Amy Stanley reveals the research process of ‘Stranger in the Shogun’s City: A Japanese Woman and Her World’

“Stranger in the Shogun’s City: A Japanese Woman and Her World” | Simon & Schuster

Harvard-educated social historian Amy Stanley presented behind-the-scenes details of her 2020 book “Stranger in the Shogun’s City: A Japanese Woman and Her World,” a biography based on actual historic records, on Jan. 30 in the Business and General Studies building. Copies of the book were available for pickup to sign prior to the event on a first come, first serve basis.

“The event was hosted with the idea of community in mind,” said Christina Ghanbarpour, a history professor who helped coordinate the event. The event was promoted at Irvine Valley College, University of California Irvine and Saddleback College.

The presentation was introduced by retired UCI professor and author Anne Walthall, who highlighted Stanley’s achievements, including a publication in The American Historical Review, which Walthall described as a difficult accomplishment.

Stanley credited Walthall as a mentor and an important figure in her career, as well as the careers of many other authors and researchers on the same subject.

Stanley detailed the rigors of her research process, which took over 10 years and involved learning to read Edo-era writing, fact-checking and studying maps.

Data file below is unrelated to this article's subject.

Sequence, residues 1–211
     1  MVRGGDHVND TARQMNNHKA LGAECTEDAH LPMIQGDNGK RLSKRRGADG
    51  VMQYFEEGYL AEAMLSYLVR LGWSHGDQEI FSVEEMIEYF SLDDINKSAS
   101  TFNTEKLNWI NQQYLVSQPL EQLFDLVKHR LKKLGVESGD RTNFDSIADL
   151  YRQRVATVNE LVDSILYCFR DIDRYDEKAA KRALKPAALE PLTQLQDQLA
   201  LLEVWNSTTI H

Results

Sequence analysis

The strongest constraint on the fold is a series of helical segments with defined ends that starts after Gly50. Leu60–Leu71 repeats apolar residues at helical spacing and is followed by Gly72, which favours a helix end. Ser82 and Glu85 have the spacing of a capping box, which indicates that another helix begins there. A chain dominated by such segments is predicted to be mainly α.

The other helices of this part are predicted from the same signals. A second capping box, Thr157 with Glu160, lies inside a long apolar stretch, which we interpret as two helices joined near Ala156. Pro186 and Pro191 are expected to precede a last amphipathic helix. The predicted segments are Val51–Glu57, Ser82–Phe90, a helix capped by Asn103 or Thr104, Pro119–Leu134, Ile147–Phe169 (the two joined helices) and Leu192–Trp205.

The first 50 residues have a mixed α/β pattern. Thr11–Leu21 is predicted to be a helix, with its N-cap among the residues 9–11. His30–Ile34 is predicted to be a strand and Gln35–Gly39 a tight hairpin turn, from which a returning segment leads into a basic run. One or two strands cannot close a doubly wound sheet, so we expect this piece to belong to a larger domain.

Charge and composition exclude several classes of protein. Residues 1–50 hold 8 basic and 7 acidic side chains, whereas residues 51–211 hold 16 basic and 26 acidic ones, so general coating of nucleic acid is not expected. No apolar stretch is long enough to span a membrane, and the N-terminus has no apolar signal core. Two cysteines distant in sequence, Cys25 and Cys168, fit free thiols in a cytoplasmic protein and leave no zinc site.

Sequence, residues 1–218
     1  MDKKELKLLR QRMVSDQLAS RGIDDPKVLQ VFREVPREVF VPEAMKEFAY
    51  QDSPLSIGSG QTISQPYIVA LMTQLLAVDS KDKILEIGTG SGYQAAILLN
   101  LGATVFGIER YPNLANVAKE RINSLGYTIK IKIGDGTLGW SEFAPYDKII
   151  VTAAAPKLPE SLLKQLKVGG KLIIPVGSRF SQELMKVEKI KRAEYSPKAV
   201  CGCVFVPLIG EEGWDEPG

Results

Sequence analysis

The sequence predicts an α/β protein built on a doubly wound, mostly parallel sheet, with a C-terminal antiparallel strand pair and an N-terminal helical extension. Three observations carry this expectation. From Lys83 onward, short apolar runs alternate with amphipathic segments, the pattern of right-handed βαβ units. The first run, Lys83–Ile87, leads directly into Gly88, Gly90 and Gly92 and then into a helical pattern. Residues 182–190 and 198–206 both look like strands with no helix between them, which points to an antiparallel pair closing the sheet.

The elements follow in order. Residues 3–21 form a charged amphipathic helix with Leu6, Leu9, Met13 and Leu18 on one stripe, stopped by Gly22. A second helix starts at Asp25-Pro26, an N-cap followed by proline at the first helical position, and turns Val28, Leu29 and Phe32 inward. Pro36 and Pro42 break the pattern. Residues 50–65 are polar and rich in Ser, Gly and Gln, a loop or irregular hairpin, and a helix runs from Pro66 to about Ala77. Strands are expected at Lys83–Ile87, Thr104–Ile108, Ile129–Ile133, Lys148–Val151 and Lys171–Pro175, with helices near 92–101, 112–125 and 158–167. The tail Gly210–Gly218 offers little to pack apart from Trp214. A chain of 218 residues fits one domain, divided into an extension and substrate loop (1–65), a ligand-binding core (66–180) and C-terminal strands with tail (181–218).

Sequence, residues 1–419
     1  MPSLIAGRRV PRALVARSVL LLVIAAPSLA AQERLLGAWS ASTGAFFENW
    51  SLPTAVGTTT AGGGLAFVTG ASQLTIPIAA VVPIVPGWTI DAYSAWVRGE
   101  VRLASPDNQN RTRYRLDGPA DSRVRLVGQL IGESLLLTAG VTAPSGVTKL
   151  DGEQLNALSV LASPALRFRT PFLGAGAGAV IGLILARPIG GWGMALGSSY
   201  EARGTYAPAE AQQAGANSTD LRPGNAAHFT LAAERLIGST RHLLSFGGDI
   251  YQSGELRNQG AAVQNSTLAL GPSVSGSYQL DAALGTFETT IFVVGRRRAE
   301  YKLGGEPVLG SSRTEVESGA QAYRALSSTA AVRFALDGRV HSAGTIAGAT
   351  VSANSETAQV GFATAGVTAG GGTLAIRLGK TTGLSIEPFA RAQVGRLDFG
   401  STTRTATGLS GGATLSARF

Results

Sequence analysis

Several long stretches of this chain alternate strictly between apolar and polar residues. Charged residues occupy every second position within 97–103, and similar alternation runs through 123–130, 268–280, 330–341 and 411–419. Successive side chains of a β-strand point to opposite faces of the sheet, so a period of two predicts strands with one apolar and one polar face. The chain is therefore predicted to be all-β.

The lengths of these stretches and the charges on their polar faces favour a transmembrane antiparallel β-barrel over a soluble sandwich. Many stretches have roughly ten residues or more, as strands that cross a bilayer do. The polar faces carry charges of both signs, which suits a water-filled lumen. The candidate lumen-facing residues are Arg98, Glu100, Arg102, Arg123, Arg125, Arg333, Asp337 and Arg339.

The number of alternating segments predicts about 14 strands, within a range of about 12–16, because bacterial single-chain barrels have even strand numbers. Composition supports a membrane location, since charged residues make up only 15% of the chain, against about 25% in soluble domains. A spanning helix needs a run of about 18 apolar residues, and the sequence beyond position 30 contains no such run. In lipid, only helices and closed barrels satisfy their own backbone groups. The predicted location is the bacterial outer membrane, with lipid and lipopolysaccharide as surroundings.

Through a collection of archives donated from a temple, Stanley brought to life her protagonist Tsuneno.

“The family donated the archive to the prefecture in the 1920s,” Stanley said.

Stanley revealed that through reading Tsuneno’s archives, she discovered the details of life in the Edo time period and the culture surrounding it.

For example, Stanley found that women in the Edo era wrote letters with more Kana (the Japanese phonetic alphabet) than Kanji (complicated letters derived from Chinese) as it was considered more feminine. Stanley also discovered that Tsuneno wrote in a dialect from her birthplace of Echigo, making transcription difficult at first.

Initially, Stanley was unable to discover the date of Tsuneno’s birth. Yet, during a visit to verify information in the archives, she stumbled upon a small notation of it, unlike her brother’s birth which was meticulously recorded. This highlights the disparity in significance given to males and females during that time.

At the event, attendees enjoyed an array of Japanese cuisine, including sushi, castella cake, ramune, tempura and tea while watching Stanley’s talk. The event brought the local community together and showcased the research and accomplishments of a notable social historian.

You can find “Stranger in the Shogun’s City: A Japanese Woman and Her World” on Amazon.